The role of media ministries in the North American Division (NAD) of the Seventh-day Adventist Church is to create a flood of interest through their programming, station placement, and their weekly offers. The main role of Adventist Information Ministry (AIM), headquartered on the campus of Andrews University in Berrien Springs, Michigan, is to collect those interests and “upgrade” as many as they can to pass on to the local church, often for personal connection and Bible study. As a 24/7 ministry, AIM assists the church’s evangelistic outreach by taking orders, processing requests for literature, upgrading interested persons for further studies and by referring these interests to local churches.

AIM sometimes learns what happens with those it connects to local churches. Here are a few of those stories, shared during ministry meetings in August.


On May 5, 2018, “Debbie” called to request the Amazing Facts offer Mark of the Beast. She called again June 24 and requested Did God Create the Devil?and the Bible Correspondence Course, an Amazing Facts Bible study course. Customer service representative (CSR) “Nichelle” recognized a deeper spiritual interest and asked if Debbie would like to speak with one of the AIM chaplains for spiritual encouragement. When Phillip, the referral chaplain, contacted Debbie, she requested studies with a local pastor. He got in touch with Desmond Haye, pastor at the Wakefield Seventh-day Adventist Church in New York City and a former chaplain at AIM (2007-2009), who, in turn, connected with Debbie. Hayes. After Bible studies, Debbie was baptized on July 28.


On May 22, 2016, CSR “Mack” received a request from “Eugene” for personal Bible studies. The call was an upgrade that originated with a call from It Is Written. After confirming Eugene’s interest, Brian, an AIM chaplain, began looking for someone to study with Eugene. He reached Steve Hanson, a laypastor from the Cypress Seventh-day Adventist Church in Texas, who connected with Eugene.

Eugene was amazed with what he was learning, and invited his sister to come and listen to what Hanson was saying. Both siblings were impressed how clearly the Bible spoke. Every time a Bible study guide was finished the two would send it to their older brother in California. He too was amazed and started reaching out to his local Adventist church. During this time “Ruby,” a friend of Eugene, came to Eugene’s study group.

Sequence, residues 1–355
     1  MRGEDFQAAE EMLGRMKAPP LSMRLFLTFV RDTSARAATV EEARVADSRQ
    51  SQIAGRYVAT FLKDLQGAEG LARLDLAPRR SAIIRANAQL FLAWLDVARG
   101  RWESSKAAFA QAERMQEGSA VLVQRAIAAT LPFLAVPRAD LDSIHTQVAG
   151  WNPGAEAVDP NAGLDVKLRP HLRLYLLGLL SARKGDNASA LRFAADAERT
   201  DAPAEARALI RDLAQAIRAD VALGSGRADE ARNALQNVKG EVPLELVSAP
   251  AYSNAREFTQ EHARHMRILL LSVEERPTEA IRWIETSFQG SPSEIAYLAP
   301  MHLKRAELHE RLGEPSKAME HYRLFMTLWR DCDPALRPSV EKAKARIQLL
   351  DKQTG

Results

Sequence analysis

Multiple church members would visit the gathering, which became much like a small support group. After faithfully studying the Bible and making relationships with church members, Eugene eventually decided on baptism.

On April 29, 2017, Eugene celebrated his new “birthday,” and his sister, older brother, and friend Ruby were also baptized around the same time.


On Dec. 17, 2016, “Debra” called Amazing Facts. The CSR noticed that Debra was seriously interested in Bible studies and renewing her faith. The CSR upgraded the call for visitation an on Jan. 22, 2017, “Joel,” an AIM chaplain, connected Debra with “Pastor Snyder.” After the pastor began meeting with Debra and her husband, the Bible studies started to occur on a regular basis.

While participating in Bible studies, Debra discovered that she had a lump in her breast. The stress of the situation caused Debra to pause in her diligent studies. But once the studies started up again, Pastor Snyder saw that Debra and her husband were ready for baptism.

About one year later, Debra and “Marvin” were baptized on June 2, 2018, at the Altoona Seventh-day Adventist Church in Pennsylvania. Through the power of the Word of God, the couple experienced transformation, renewal, and a fresh start in life.

Adventist Information Ministry (AIM) customer service representatives answer calls at the ministry's headquarters in Berrien Springs, Michigan.

Adventist Information Ministry (AIM) customer service representatives answer calls at the ministry's headquarters in Berrien Springs, Michigan.


kmaran Thu, 09/13/2018 - 12:58

Religious Liberty